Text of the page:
Campus Responds to COVID-19
UW–Madison adapts to keep people safe for fall 2020.
Although UW–Madison leaders employed a plan to offer both remote and safe, in-person learning experiences during the fall semester, it wasn’t without challenges. Within the first several days of the academic year, campus saw a rapid increase in positive COVID-19 test results among students — for which, UW officials note, there was no evidence linking transmission to in-person instruction. Leaders were quick to take action and communicate updates to campus and the surrounding area.
When the semester began on September 2, the UW had already launched a public, online dashboard that published students’ and employees’ COVID-19 test results — both on and off campus — on a daily basis. Positive cases at the time were relatively low, but as the week progressed, the number of positive test results rose among students.
On September 7, Chancellor Rebecca Blank called on undergraduates to severely restrict their in-person interactions and movements to only those that were essential. The UW also worked with Public Health Madison and Dane County to order a number of fraternity and sorority houses to quarantine. However, after two days passed with a positive test rate of at least 20 percent, Blank announced on September 9 that, for two weeks, the university would switch to all-online instruction, quarantine Sellery and Witte residence halls, and adjust some campus operations — such as closing all in-person study spaces. The UW then monitored case numbers and evaluated whether to reopen campus.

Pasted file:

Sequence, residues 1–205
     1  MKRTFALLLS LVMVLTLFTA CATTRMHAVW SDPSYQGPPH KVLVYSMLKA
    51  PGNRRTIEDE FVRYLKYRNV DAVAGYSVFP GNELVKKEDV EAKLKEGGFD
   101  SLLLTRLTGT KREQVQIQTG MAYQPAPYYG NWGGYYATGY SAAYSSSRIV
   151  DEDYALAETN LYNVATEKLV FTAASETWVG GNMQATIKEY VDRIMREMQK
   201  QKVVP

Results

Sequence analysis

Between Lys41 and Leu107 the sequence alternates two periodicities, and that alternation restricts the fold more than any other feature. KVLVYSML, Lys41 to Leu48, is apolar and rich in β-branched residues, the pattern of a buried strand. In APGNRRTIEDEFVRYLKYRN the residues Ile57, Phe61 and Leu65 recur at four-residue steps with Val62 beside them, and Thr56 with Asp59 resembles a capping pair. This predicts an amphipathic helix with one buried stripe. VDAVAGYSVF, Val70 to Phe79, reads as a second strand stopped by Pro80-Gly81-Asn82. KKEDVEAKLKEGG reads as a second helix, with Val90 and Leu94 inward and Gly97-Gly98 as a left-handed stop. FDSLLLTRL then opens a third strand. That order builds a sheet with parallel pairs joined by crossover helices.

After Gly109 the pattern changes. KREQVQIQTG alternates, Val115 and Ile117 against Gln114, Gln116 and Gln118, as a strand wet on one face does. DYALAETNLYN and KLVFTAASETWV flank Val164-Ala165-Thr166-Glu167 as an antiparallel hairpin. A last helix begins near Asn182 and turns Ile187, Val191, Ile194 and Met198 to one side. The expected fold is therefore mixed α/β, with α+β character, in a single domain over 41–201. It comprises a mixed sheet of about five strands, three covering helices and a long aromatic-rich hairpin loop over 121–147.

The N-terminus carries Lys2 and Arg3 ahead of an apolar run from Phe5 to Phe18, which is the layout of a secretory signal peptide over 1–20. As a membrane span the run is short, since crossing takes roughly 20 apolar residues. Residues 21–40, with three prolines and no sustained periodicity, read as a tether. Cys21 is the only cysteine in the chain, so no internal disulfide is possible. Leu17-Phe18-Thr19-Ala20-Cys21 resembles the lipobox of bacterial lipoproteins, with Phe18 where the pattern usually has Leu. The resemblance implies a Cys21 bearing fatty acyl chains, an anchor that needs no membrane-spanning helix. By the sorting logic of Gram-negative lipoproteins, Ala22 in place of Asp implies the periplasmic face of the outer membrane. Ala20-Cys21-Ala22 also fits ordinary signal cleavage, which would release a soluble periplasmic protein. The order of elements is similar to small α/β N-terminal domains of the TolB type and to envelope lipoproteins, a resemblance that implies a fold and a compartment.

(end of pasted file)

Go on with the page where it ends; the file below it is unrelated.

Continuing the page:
On September 23, at the conclusion of the two-week period, campus saw lowered case numbers as well as a reduced rate of infections. Blank lifted the quarantine on Sellery and Witte and announced that campus would begin to resume some in-person activity starting September 26, while continuing to track infections.
In consultation with public-health experts and shared governance, Blank noted campus would expand testing capacity and lessen turnaround time, as well as reduce the concentration of students in residence halls by encouraging voluntary departures and allowing more students to move into single rooms.
University staff and the UW–Madison Police Department would also continue to monitor off-campus activity and impose consequences — including removal from the university — for students violating county orders or the UW’s standards. At press time, Blank had also stated her hope for Dane County officials to assist in off-campus efforts.
“If we see another uptick in positive cases, I will not hesitate to take additional actions to limit the spread of the virus,” Blank wrote in her announcement. For more updates on the fall semester since On Wisconsin was printed, visit the UW’s COVID-19 Response website.
Published in the Winter 2020 issue
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